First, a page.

Those antique missives conveyed so much division, so much strife, and an overall sense that the entirety of human progress had reached the verge of collapse.
The doorbell rang at precisely six o’clock. The Moon Corp Employee Code had a long section on punctuality, which every member of the Smith family took very seriously. A dinner guest should always arrive at six o’clock. By that hour of the day, the life domes had just begun to dim for the evening, making it officially night-time. Moon Corp set it up that way to better simulate a 24-hour daily rhythm.
Lulu opened the door with a warm and emphatic greeting. Her son was standing outside, the mysterious woman from Earth trailing behind him.
“Hi, Mom,” said Johnny. He was wearing a neatly tucked button-down shirt and slacks, just like he used to wear to Sunday School at Tranquility Church. His hair was well trimmed and parted on the left side. He looked like he had stepped directly out of one of the “Tips for Clean Living” illustrations in the Moon Corp Employee Code.
“Oh, it’s so wonderful to see you dear,” said Lulu, her glow fading for a moment as she glanced at the guest he had brought. “Please, come in, both of you.”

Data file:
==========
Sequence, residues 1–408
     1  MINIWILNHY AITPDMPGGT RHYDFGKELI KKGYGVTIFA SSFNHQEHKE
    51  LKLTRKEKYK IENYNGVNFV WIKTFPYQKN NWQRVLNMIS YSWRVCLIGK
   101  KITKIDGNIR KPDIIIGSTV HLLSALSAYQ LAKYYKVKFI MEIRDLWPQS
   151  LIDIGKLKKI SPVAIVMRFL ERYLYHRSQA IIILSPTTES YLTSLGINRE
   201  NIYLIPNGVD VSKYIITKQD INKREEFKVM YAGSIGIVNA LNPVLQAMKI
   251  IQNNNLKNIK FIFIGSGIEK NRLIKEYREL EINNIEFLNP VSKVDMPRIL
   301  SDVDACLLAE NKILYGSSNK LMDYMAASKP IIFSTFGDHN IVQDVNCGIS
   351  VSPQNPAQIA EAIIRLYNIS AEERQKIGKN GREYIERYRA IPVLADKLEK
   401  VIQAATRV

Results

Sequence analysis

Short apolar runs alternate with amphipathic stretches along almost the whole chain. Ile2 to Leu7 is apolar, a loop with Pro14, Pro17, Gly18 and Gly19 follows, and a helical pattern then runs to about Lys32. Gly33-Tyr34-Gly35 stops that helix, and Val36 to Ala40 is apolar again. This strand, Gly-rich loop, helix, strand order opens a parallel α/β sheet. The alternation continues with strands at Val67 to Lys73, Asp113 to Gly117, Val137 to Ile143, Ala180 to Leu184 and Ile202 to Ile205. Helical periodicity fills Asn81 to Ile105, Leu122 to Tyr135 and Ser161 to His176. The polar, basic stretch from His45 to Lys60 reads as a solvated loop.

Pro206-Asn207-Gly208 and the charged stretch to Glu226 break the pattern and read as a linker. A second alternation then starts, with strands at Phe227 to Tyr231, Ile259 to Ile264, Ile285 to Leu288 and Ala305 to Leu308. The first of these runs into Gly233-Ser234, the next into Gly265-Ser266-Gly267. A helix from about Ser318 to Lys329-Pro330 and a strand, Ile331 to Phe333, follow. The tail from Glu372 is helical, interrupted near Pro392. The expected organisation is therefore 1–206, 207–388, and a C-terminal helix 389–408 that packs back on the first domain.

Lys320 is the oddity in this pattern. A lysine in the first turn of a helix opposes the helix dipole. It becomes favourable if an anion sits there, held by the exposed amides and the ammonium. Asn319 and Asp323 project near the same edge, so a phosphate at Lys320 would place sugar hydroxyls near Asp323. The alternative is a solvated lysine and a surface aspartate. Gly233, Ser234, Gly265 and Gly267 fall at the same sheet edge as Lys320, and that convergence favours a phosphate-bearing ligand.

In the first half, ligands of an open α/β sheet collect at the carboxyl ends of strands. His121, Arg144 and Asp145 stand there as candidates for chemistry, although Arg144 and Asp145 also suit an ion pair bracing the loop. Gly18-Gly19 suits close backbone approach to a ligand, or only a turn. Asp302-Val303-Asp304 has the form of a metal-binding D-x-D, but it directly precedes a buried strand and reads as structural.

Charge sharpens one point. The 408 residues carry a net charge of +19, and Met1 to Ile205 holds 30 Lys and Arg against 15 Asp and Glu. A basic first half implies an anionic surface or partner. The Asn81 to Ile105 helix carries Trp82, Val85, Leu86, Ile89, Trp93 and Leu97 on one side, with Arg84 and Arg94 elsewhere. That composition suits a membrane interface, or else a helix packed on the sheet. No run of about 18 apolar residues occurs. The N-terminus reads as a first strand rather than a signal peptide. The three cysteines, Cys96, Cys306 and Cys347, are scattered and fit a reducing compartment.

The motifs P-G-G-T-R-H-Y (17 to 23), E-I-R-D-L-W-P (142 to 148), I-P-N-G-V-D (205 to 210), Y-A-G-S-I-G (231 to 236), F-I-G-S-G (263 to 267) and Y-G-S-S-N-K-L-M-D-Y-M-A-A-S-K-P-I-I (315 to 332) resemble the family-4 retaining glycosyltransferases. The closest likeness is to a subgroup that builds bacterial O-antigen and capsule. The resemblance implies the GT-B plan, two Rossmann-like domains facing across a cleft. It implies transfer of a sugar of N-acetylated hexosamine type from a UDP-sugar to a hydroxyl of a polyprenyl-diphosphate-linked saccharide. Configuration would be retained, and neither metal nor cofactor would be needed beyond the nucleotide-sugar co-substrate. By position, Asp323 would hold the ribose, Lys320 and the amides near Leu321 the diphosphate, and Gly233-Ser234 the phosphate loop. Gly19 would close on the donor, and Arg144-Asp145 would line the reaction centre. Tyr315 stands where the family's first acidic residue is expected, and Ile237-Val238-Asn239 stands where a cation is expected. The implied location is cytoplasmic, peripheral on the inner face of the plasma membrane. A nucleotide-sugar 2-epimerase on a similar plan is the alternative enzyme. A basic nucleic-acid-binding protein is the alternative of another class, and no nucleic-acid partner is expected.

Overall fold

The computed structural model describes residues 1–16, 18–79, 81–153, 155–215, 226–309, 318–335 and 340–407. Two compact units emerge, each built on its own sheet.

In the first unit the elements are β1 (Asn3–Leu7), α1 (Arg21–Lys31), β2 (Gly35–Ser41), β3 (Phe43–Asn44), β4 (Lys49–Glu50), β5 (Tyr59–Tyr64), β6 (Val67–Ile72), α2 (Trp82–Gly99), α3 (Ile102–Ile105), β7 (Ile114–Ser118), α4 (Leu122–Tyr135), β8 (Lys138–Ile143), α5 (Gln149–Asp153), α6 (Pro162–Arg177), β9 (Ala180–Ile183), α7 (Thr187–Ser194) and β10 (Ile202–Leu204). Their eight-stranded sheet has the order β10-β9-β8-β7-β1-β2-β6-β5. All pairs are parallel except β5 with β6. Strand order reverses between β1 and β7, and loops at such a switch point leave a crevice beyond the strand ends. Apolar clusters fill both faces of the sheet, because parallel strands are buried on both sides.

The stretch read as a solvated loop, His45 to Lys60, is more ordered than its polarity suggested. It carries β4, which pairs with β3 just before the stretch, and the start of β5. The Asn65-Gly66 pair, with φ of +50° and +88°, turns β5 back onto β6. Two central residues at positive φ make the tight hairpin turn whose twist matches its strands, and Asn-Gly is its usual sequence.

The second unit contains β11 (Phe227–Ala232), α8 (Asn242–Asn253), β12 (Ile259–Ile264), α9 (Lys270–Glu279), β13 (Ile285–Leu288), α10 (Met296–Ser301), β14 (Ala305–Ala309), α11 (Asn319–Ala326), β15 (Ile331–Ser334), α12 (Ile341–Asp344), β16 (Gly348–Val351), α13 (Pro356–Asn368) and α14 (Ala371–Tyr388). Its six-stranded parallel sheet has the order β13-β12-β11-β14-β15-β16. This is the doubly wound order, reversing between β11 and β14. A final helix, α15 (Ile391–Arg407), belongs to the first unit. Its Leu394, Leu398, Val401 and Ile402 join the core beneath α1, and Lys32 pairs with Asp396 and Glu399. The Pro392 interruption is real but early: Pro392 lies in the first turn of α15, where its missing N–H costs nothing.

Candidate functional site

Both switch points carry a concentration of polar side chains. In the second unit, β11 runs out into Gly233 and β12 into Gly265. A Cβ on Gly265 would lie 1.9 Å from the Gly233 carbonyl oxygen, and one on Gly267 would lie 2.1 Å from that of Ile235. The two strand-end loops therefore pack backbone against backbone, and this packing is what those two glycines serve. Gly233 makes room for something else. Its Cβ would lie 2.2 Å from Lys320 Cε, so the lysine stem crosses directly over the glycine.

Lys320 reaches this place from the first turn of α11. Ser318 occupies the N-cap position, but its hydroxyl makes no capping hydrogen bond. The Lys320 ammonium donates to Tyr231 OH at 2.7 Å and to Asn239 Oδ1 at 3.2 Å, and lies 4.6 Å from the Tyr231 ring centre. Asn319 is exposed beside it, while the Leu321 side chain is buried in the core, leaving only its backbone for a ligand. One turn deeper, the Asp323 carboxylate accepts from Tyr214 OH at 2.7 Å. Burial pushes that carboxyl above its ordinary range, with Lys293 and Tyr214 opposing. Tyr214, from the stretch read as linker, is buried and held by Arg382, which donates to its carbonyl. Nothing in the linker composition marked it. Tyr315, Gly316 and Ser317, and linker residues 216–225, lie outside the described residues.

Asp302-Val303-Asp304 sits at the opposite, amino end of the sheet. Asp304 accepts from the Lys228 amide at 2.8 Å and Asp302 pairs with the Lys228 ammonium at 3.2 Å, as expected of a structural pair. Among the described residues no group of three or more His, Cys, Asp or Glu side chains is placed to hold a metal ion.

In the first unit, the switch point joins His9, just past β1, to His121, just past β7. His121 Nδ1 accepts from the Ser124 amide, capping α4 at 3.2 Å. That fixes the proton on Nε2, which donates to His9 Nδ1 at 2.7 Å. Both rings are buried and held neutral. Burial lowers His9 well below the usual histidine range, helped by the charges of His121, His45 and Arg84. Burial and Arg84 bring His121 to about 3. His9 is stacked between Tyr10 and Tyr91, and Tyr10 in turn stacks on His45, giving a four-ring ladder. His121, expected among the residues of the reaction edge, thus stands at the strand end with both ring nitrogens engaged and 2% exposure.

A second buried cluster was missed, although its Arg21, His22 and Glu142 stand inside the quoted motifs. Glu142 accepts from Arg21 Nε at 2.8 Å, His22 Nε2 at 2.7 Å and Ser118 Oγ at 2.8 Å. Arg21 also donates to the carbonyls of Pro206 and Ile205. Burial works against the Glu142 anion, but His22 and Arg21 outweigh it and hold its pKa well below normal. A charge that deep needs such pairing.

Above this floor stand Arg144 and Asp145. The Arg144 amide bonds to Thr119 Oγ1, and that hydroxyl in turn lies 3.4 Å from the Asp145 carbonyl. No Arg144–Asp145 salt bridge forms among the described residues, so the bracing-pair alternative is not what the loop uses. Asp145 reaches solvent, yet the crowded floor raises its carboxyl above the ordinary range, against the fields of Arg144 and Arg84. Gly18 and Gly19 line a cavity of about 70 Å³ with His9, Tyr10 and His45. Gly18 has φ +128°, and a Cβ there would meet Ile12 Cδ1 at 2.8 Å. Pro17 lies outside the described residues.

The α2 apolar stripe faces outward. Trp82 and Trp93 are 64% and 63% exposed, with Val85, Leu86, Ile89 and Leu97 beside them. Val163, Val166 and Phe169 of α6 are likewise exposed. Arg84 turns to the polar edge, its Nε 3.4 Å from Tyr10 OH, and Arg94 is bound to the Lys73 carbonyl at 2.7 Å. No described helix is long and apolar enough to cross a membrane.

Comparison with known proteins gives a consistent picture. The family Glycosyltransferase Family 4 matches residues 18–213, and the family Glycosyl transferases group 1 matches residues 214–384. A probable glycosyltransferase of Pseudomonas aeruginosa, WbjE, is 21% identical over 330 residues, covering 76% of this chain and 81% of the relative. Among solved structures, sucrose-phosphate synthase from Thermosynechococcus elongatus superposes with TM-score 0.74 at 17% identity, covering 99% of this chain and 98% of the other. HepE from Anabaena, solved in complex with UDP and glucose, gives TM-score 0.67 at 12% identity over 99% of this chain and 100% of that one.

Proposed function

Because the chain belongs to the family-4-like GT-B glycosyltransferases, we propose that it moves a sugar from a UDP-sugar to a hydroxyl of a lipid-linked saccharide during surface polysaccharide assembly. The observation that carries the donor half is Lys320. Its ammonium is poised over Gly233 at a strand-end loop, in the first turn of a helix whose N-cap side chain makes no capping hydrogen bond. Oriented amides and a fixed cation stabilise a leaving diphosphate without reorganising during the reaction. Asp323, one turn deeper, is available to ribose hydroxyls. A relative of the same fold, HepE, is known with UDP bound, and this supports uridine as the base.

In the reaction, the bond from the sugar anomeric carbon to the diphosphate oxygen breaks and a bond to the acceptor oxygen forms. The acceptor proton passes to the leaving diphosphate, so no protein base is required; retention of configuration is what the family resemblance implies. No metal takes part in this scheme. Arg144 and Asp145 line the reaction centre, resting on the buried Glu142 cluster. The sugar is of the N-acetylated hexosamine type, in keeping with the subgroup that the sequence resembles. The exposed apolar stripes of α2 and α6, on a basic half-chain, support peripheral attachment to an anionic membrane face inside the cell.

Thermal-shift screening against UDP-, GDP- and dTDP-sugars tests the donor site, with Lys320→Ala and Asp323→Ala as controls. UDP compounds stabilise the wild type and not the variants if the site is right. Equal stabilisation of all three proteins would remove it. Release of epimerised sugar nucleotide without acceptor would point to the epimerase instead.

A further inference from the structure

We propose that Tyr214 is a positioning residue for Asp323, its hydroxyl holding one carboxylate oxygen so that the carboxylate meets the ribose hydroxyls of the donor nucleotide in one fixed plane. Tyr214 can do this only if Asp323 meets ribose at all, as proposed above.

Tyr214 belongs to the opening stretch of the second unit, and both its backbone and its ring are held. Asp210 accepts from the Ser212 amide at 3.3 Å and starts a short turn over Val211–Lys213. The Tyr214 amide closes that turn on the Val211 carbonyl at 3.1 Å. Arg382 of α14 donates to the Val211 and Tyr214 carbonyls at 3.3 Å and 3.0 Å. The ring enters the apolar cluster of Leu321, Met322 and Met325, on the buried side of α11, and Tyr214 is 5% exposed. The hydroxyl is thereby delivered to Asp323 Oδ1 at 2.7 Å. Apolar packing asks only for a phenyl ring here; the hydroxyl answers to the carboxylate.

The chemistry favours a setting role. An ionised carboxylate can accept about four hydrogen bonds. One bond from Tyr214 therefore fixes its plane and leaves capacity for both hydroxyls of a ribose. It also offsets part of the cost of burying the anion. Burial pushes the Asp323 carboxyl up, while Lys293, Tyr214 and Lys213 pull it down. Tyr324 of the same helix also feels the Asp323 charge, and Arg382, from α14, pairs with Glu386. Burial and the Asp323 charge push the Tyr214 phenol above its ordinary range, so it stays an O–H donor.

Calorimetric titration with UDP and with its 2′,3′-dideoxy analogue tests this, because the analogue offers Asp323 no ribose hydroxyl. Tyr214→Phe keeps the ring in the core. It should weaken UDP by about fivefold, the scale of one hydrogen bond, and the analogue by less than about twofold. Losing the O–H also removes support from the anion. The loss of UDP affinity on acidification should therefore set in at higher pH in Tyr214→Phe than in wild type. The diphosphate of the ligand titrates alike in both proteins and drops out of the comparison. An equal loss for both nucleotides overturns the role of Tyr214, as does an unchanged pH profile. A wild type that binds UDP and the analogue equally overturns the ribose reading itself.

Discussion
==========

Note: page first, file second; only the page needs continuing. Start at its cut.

Johnny came into the house with the young woman from Earth. When she stepped into the living room, the Smiths were able to get their first good look at her. Harold caught himself feeling surprised that she wasn’t white, like his family and most other people he knew. She didn’t seem to fit any of the racial categories he was familiar with. He also noticed that her skin looked surprisingly radiant for someone who’d been working in the mines. Her outfit showed off her arms and shoulders. The top was made of a rich green fabric that clung to her frame, held up by a single thick strap. She also wore tight leggings in a deep shade of blue. This young woman’s look was unconventional, but Harold had to admit it was stylish. Her hair was crafted into points of various sizes, which framed her face like a starburst.
“Mom and Dad, I’d like you to meet Terra,” said Johnny.
“Thank you for inviting me into your home,” she said sweetly, and then approached each of them and shook their hands with an easy and assured confidence.
“Your name is Terra?” chuckled Mr. Smith. “How fitting, for someone from Earth!”
Terra laughed along, politely. “Folks have been saying that ever since I got here. It’s hypercommon back on Earth. I even grew up with a few Gaias. No better namesake than Mother Earth herself.”
Lulu had looked quizzical ever since Terra entered the house. “You’re quite a pretty girl, aren’t you, dear,” she observed, “Much prettier than I would imagine. Where is it exactly that you come from?”
“I come from Earth,” she said flatly.
“Of course, you do, my dear. But where on Earth? It’s such a big place.”